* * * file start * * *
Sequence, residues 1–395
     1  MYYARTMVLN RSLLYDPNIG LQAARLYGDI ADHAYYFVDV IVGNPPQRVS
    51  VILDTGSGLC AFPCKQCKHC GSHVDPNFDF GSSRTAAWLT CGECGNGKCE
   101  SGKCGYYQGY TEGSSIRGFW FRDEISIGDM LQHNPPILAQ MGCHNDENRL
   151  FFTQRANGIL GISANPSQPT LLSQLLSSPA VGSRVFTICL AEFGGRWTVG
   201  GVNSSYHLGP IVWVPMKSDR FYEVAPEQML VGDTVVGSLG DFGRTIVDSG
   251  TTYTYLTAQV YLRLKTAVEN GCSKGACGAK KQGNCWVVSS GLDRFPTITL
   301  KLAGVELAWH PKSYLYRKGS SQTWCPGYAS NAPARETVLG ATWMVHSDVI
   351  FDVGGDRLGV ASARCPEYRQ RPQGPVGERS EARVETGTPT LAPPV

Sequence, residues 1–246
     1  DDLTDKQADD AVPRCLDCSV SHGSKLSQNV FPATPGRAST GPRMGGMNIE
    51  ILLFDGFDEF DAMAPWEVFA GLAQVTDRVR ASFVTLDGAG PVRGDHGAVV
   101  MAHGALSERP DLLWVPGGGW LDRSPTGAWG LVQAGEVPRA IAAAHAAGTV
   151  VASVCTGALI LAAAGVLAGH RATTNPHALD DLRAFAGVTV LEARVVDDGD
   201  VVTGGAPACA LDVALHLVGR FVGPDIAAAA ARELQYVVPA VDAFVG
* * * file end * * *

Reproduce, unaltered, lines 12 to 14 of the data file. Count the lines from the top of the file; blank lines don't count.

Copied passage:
    51  ILLFDGFDEF DAMAPWEVFA GLAQVTDRVR ASFVTLDGAG PVRGDHGAVV
   101  MAHGALSERP DLLWVPGGGW LDRSPTGAWG LVQAGEVPRA IAAAHAAGTV
   151  VASVCTGALI LAAAGVLAGH RATTNPHALD DLRAFAGVTV LEARVVDDGD